Published Thursday 19th July 2018.
The UK publishing industry had a record-breaking year in 2017, with income up 5% to £5.7bn, according to new figures released today by the Publishers Association.
The industry is already the number one exporter of books in the world and export income rose a further 8% to £3.4bn in 2017, accounting for 60% of total revenues.
Other highlights from the Publishers Association Publishing Yearbook 2017 include:
- Total book sales income (Physical and digital books) is up 4% to £3.7bn
- Total digital sales income (Digital books and journals) is up 3% to £1.8bn
- Total physical book sales income is up 5% to £3.1bn
- Total journal sales income is up 5% to £1.6bn
- Total journal export income is up 5% to £1.4bn
Stephen Lotinga, Chief Executive of the Publishers Association said:
“These figures reveal another stellar performance from the UK publishing industry. From blockbuster novels to the textbooks and research papers which shape our thinking, today’s statistics prove that society’s love of books in all forms shows no sign of waning.
“Publishers are catering to modern consumers who are reading books in different formats across different platforms, but still showing a very significant attachment to the printed word, as we continue to see the resilience and popularity of print across publishing sectors.
“Export income has increased significantly and this increase is testament to the high regard UK publishers, authors and their work are held in around the world – and the continued appetite of readers for them.”
Where is growth in exports seen?
- There has been an increase in exports of both physical and digital books, up 7% to £1.6bn.
- Export sales income from journals has increased by 5% to £1.4bn.
- Rights, coeditions and licensing export income is £407m.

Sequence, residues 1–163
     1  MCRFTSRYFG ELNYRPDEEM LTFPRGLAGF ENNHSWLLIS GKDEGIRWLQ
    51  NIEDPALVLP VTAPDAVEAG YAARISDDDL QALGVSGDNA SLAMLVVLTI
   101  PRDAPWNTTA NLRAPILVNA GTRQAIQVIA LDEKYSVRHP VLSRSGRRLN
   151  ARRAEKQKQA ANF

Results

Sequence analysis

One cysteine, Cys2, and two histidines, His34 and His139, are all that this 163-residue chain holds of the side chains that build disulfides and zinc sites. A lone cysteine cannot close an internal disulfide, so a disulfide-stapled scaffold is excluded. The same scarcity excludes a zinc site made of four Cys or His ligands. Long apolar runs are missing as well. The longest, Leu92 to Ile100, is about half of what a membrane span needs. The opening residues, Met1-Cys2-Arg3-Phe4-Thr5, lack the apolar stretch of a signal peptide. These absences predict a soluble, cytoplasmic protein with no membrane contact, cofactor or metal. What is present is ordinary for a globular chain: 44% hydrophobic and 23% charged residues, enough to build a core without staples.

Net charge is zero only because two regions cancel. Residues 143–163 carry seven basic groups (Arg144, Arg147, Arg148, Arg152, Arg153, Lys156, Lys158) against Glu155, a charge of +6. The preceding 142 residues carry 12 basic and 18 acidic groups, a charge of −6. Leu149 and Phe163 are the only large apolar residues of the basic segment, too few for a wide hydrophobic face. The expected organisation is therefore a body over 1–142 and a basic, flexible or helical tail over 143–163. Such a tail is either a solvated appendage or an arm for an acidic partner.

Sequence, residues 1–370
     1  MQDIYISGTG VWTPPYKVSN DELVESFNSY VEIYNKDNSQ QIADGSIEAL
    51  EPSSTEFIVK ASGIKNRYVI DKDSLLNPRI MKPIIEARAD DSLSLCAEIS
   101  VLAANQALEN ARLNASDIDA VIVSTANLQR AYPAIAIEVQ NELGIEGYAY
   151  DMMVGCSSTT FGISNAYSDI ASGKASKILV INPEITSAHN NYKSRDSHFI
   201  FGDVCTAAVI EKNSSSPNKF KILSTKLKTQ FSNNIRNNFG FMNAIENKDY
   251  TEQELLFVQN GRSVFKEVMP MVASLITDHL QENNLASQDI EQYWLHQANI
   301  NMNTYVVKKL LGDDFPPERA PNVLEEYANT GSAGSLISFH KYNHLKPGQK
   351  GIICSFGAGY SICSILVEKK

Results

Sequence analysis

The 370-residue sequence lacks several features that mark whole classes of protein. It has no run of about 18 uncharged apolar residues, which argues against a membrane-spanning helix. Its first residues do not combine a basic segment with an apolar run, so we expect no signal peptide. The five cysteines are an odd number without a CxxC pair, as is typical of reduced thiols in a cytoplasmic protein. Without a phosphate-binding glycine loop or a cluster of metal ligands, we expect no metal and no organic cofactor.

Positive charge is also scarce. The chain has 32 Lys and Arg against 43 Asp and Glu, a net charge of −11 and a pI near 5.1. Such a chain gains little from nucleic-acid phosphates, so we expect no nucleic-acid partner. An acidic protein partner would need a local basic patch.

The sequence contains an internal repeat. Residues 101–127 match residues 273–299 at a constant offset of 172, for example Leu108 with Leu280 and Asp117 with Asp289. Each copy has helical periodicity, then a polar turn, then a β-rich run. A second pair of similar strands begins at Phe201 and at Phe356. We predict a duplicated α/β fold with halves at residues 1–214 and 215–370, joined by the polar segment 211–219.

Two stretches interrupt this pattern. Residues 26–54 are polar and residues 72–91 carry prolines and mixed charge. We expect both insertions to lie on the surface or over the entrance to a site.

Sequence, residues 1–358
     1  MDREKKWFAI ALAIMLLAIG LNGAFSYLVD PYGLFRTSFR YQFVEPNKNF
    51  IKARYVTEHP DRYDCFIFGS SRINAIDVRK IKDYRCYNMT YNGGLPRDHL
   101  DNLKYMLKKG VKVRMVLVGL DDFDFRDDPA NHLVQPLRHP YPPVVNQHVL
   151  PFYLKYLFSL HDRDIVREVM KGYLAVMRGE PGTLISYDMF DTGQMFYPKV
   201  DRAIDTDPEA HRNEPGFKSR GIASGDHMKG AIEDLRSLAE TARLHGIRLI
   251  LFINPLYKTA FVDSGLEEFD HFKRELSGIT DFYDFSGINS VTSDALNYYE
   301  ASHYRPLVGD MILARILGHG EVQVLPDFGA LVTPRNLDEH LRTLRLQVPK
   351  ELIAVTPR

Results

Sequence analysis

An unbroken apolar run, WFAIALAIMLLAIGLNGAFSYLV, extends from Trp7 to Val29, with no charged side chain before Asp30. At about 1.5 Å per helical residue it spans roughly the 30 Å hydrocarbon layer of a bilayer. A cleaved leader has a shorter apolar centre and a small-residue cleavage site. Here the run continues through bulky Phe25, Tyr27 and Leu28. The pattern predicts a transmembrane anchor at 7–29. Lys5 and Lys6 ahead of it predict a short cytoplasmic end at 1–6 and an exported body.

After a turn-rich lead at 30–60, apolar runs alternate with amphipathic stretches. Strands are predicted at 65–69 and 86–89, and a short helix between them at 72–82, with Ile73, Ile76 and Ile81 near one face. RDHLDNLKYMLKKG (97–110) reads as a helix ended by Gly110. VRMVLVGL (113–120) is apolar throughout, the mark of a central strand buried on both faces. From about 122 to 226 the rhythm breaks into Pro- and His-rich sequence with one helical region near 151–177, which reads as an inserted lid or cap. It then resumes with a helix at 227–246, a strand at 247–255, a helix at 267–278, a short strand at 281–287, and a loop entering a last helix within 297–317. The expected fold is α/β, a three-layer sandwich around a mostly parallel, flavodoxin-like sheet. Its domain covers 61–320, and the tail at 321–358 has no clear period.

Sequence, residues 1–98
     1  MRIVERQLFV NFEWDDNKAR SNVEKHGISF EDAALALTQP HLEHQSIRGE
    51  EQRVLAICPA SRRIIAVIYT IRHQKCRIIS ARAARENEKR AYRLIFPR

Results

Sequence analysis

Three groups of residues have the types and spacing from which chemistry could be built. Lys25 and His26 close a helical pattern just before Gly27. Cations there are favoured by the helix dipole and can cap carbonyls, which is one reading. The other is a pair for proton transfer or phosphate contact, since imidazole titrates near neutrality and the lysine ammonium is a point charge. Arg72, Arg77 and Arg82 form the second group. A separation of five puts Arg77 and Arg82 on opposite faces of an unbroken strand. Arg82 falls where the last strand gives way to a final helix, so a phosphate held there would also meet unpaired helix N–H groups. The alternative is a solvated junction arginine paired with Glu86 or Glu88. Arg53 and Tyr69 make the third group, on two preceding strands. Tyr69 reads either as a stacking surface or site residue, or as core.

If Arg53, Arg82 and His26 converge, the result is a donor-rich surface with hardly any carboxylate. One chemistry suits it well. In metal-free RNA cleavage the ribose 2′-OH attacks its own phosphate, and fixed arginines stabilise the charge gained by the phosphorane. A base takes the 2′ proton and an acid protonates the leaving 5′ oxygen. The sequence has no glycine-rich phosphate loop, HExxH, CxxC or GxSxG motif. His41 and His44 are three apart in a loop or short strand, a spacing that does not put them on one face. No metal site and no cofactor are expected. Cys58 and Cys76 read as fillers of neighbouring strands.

- There has been an 11% increase (to £284m) in the export sales income of non-fiction/reference physical and digital books.
- Sales of physical books to Europe increased 13% to £489m, and to East and South Asia by 8% to £248m.
- Digital school book sales export income has risen by 93% to £10m.
- Export sales income from journals rose 10% to £565m in North America, which is the largest international market for journals – accounting for 41% of the export market.
How are digital sales doing?
- Total digital sales income (Digital books and journals) is up 3% to £1.8bn.
- Digital book sales income is down 2% to £543m.
- Audiobook sales have risen 25% to £31m.
- The sale of school digital books is up 32% to £27m, suggesting that the use of digital teaching resources is becoming more prevalent.
- Non-fiction total digital book sales have increased by 4% to £50m, suggesting consumers are increasingly reading non-fiction, cookbooks, illustrated books and reference books on their devices.
How is consumer publishing performing?
- Fiction sales income (physical and digital) is up 3% to £547m.
- Non-fiction/reference sales income (physical and digital) is up 4% to £928m.
- Home non-fiction/reference physical book sales income is up 2% to £620m.
- There is an uplift in hardback fiction book sales income, up 31% to £97m.
- Children’s total physical and digital book sales income is down 3% to £341m.
How is education publishing performing?
- There was a 3% drop in overall physical and digital school book sales income to £324m.
- While domestic sales for physical school books are down 12% to £158m, there was a rise of 2% in export physical school book sales to £93m.
- Overall digital school book sales performed better than physical, with domestic sales income up 12% to £17m and export sales income up 93% to £10m.
- Total ELT physical and digital book sales are up 13% to £293m – with physical sales up 13% to £20m and digital sales up 13% to 20m.
How is academic publishing performing?
- Physical and digital academic and professional book sales income is up 6% to £1.2bn.
- Journal sales income is up 5% to £1.6bn.
- There is an increase in sales income for social science/humanities (SSH) physical books, up 9% (to £693m), and scientific/technical/medical (STM) physical books, up 8% to £250m.
- Total income from Open Access charges is up 21% to £148m.